Golson’s season-opening start at FSU came against Texas State of the Sun Belt Conference.

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The best scenario here is for Zaire to push Franks hard, eliciting greater focus and stronger leadership from the kid, but for Franks to win the starting job outright and keep it.

Nobody owes anybody anything in a case like this, but it sure would be nice to see McElwain partner up with a quarterback for a serious stretch and see how far they can go together. It’s the only area where the coach has failed to make consistent progress at Florida, and it’s the missing link for any SEC boss who wants to challenge Alabama for the league championship.

 

 

Confident Jim McElwain is remaking the Gators again

The Florida Gators barely beat FAU last year. In overtime.

They edged Vanderbilt 9-7, struggling mightily to outscore a team that completed three passes for 30 yards.

Florida coach Jim McElwain speaks to the media at the Southeastern Conference NCAA college football media days, Monday, July 11, 2016, in Hoover, Ala. (AP Photo/Brynn Anderson)
HOOVER, Ala. – Florida coach Jim McElwain speaks to the media at the Southeastern Conference football media days, Monday, July 11, 2016 (AP Photo/Brynn Anderson)

Against Florida State, the Gators would have been shut out at home if not for a safety that the Seminoles gifted them in the fourth quarter.

Finally, in a bowl game that only Jim Harbaugh could love, Florida got rolled 41-7 by Michigan.

Is it any wonder that the Gators are flying under the radar at this week’s SEC Media Days in Alabama? Based on the results listed above, and the fact that coach Jim McElwain’s best quarterback from last season has transferred to West Virginia under the cloud of NCAA suspension, Florida’s ability to win a second consecutive SEC East title deserves to be doubted in every way.

Except one.

The Gators offense has to be better this year for the simple fact that it can’t possibly get worse.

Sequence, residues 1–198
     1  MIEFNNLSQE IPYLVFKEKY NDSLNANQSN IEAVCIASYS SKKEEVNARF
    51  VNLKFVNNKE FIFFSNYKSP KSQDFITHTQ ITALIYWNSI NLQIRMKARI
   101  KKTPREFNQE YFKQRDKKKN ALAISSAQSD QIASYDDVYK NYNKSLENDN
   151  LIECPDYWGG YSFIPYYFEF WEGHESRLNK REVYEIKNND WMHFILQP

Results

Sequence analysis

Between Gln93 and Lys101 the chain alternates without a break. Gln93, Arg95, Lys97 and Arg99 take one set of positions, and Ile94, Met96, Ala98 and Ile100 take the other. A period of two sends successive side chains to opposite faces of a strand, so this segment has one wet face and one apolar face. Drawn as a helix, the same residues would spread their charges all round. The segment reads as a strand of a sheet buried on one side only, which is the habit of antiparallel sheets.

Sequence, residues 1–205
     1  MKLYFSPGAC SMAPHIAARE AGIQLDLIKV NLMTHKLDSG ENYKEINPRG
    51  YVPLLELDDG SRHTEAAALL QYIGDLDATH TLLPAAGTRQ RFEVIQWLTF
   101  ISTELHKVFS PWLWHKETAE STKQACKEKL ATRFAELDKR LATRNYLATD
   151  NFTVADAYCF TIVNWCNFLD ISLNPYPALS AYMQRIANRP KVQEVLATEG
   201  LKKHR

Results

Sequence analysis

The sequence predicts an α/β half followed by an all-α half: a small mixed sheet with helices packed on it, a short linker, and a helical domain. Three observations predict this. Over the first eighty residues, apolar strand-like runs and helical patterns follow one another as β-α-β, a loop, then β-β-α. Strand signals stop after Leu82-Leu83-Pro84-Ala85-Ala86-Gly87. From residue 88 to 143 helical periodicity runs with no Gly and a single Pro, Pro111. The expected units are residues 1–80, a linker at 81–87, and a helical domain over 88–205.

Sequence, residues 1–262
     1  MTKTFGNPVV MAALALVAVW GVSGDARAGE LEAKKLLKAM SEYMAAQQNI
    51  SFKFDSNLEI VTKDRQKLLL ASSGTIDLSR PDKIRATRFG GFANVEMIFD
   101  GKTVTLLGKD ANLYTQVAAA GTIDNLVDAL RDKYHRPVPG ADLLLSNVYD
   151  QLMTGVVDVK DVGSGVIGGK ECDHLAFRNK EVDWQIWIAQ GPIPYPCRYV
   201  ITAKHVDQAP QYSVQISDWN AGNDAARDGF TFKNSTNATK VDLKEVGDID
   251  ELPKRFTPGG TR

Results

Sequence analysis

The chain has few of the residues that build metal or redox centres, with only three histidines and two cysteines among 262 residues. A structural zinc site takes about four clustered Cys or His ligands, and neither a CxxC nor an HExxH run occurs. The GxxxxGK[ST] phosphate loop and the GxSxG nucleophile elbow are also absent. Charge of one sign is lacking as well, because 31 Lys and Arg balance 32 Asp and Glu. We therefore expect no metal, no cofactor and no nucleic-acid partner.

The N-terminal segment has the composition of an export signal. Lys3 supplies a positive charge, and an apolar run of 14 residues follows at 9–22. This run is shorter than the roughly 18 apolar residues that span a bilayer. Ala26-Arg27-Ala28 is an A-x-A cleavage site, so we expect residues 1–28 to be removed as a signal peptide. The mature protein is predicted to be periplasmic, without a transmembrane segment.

McElwain has four quarterbacks from which to choose, with everyone figuring that Luke Del Rio will be the one, but really, it all comes down to this assessment from the 2015 SEC Coach of the Year.

“We’ve really got good arm talent,” McElwain said, “and I’m looking forward to stretching the field vertically.”

Good arm talent is the beginning point for any quarterback. It’s the opposite of what Treon Harris displayed last year. It’s the reason every play felt like fourth-and-long in the season’s final month.

A little foot power comes in handy, too. That’s why McElwain put so much energy into flipping powerful place-kicker Eddy Pineiro’s commitment from Alabama to Florida in February. Austin Hardin, the Gators’ previous best, made five field goals last season and missed three extra points. That’s middle-school stuff.

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So we’ll talk more in the weeks to come about specific players at specific positions and what kind of magic potion it’s going to take to beat Tennessee again.

For now it figures that the defense will be good and Antonio Callaway will find his way back in the lineup and McElwain will go into his second Gainesville season quite happy that nothing spectacular is expected of the Gators.

One game, that 38-10 rout of Ole Miss, is all it took last year to get people believing in Florida again.

One game, maybe that trip to Knoxville Sept. 24, could do it again.